Google Drive/Google Docs isn't the best online office suite in the world, at least in my experience, but it is a pretty great way to get a competent and instant editor for quick tasks. The only problem is that this tends to leave you with dozens of semi-finished items in your Drive, a bunch of quick paragraphs and hastily-formatted emails that need to be deleted one-by-one in the list view. Today Google Drive has solved this minor annoyance, if only on the web.
Perhaps you recall the abrupt closure of online phone dealer Wirefly a few months ago. Its parent company Simplexity LLC filed for bankruptcy, and is currently being chopped up and sold as part of debt reorganization. The Wirefly name and website have emerged from this under new ownership with a focus on comparing devices and plans to help you find the best deal.
Hey, Minus, are you guys alright? Because you're demonstrating the developer equivalent of multiple personality disorder. Sixteen months after Dropbox-style cloud storage app Minus shifted 180 degrees to take aim at Instagram, it has once again become a completely different service, this time with a new name. Minus is now "Meow," a randomized chat client, sort of like Omegle or Chatroulette without the video. All that's left of the latest Minus re-brand, or indeed the original storage app, is the "com.minus.android" APK name.
Back in the 90s, I was a Genesis kid, but I missed out on the 2D platforming classic Castle of Illusion. This game starred Mickey Mouse and was one of the more popular titles available to tide console owners over until the release of the original Sonic the Hedgehog. Last fall a completely new HD version hit the PlayStation Network, Xbox Live Arcade, PC, and iOS, giving newcomers a chance to experience the adventure for the first time and long-time fans a reimagined take on the world they may have forgotten.
Update Wednesday held at least one more treat this week - a bump to Google Play Movies & TV, bringing the app up to version 3.2.25. Google hasn't published an official change log yet, but so far the only user-facing change we've found is the presence of applicable wishlist content (from your Play Store wishlist) inside the app, both on the "Watch Now" screen, and in the slide-out navigation bar.
Google, in a continued effort to break stock Android apps out of Android, has just added Email to the Play Store. It's the Email app you know and love from Android, but with a few added features. For the initial Play Store debut, Google has beefed up security (in unspecified ways) for Gmail accounts, improved the account setup flow, added printing to the app, and fixed "other bugs."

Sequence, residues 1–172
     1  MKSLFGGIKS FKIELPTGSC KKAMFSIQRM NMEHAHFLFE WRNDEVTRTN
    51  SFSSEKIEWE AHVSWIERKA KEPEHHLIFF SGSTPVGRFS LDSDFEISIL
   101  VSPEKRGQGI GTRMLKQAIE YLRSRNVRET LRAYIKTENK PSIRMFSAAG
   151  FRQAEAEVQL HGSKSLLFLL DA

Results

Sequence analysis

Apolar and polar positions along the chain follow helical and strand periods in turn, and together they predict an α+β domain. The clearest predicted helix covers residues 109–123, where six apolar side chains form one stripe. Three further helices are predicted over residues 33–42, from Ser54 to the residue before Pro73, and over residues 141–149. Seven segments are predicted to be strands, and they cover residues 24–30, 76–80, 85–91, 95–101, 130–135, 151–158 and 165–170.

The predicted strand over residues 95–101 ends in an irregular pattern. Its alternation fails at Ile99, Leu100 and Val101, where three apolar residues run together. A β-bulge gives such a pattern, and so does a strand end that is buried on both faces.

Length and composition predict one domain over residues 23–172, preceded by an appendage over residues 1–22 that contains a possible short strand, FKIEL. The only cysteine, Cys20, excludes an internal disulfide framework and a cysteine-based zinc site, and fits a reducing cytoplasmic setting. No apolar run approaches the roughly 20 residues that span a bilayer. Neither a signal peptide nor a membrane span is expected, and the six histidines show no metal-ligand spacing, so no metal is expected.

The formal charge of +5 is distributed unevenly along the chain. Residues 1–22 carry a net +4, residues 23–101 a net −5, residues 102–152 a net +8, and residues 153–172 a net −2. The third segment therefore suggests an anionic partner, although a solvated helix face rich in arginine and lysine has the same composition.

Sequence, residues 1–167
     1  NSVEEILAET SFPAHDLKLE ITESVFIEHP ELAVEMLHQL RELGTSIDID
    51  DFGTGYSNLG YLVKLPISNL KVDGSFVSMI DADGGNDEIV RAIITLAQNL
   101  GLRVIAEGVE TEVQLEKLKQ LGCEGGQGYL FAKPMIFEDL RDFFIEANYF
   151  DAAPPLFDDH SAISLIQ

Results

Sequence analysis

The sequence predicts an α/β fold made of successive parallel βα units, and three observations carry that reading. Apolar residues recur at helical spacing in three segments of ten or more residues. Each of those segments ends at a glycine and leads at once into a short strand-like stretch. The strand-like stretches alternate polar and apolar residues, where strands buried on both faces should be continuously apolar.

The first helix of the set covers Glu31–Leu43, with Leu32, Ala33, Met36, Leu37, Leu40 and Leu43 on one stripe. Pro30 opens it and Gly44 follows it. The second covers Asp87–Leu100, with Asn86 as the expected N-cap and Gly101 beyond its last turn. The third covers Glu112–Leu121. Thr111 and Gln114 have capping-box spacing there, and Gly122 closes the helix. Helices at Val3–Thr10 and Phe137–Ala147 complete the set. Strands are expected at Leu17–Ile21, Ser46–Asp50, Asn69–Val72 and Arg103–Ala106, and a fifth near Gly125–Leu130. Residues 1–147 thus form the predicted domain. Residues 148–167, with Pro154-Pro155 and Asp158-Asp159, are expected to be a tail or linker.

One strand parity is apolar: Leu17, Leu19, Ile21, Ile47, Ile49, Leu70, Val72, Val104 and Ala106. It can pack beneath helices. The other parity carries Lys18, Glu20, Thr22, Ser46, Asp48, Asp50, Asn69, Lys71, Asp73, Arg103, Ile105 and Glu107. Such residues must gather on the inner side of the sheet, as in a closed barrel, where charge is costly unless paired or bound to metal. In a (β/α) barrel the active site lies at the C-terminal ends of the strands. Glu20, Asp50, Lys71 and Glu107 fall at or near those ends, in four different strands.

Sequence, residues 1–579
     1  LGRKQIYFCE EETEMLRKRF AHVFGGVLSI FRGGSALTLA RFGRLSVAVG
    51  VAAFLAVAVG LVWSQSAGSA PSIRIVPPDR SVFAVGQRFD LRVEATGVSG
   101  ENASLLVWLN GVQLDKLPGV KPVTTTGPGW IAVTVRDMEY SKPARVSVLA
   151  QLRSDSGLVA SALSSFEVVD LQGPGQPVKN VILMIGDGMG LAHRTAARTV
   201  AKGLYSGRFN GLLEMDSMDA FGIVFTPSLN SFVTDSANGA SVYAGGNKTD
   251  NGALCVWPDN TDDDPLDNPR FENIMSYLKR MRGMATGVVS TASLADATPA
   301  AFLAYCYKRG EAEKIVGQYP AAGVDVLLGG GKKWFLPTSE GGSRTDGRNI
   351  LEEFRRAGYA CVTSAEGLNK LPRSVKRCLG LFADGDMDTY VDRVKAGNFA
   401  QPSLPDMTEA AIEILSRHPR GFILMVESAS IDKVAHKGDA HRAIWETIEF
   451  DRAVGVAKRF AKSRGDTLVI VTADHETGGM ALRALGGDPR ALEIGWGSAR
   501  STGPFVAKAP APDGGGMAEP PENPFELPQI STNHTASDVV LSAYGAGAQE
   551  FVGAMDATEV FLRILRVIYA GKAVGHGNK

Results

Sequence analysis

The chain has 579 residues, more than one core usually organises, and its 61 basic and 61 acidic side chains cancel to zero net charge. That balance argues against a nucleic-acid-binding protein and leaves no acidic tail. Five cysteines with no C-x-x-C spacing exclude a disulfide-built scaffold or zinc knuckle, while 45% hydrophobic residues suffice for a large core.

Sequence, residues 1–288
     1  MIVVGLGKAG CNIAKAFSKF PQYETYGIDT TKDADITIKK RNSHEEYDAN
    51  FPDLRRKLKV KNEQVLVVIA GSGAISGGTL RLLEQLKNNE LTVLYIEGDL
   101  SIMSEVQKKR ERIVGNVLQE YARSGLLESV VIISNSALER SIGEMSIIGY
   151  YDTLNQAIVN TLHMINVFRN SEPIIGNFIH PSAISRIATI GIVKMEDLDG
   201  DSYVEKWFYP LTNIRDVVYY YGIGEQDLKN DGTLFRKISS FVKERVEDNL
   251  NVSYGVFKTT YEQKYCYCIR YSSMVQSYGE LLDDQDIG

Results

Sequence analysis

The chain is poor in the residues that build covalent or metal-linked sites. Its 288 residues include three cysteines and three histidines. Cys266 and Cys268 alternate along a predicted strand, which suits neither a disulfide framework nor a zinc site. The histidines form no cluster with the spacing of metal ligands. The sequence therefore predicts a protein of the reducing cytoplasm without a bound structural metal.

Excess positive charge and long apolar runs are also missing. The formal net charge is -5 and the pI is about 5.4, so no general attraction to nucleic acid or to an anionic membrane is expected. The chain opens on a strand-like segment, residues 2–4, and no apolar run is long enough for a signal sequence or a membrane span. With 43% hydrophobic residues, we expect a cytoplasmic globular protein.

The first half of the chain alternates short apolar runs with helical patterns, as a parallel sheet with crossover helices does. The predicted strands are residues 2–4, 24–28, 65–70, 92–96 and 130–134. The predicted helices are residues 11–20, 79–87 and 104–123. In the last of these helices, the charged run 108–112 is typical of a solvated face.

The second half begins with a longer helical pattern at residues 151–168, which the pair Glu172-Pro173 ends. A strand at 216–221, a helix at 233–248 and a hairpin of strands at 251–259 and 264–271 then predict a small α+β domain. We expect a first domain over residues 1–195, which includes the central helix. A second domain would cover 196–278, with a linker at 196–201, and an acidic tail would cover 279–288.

T-Mobile has just announced their plans for Uncarrier part 5. The first big move of the T-mo's latest effort to shake up the wireless industry is the announcement of Test-Drive, a service through which users can get an iPhone 5S for seven days to take T-Mobile's "data strong" network for, well, a test drive. There's no down-payment, no charge, no nothing. Just get the device, try out the network, and return it at a store when you're done.
Jeff Bezos took to the stage earlier today to announce Amazon's first entrant into the highly competitive smartphone industry, the Fire Phone. Not only was the presentation loaded with some of the shiny new features of the handset and Fire OS, all meant for the press to disseminate to potential buyers, but there were also a few unusually blunt efforts to attract developers. In the midst of demonstrating Firefly and Dynamic Perspective, portions of the presentation were focused on explaining that developers would be able to extend these platform features in their own apps.
Widely regarded as one of the best terminal clients on Android, JuiceSSH's v1.5 update today doesn't add any new features, it actually does one better: it allows other developers to add new features to the app, via community plugin support.
Plugins in Juice will be able to request custom Android permissions for listing or modifying connections, groups, and group memberships, initiating and interacting with SSH sessions, and to audit plugin interactions.
Google has chosen to keep the on-screen navigation bar simple ever since it was introduced back in Honeycomb. It's changed a little bit over the years, but Xtended NavBar lets you change the way it works without screwing up the UI. When you need you navigation buttons, they're in the usual spot, but you can swipe to access more functions.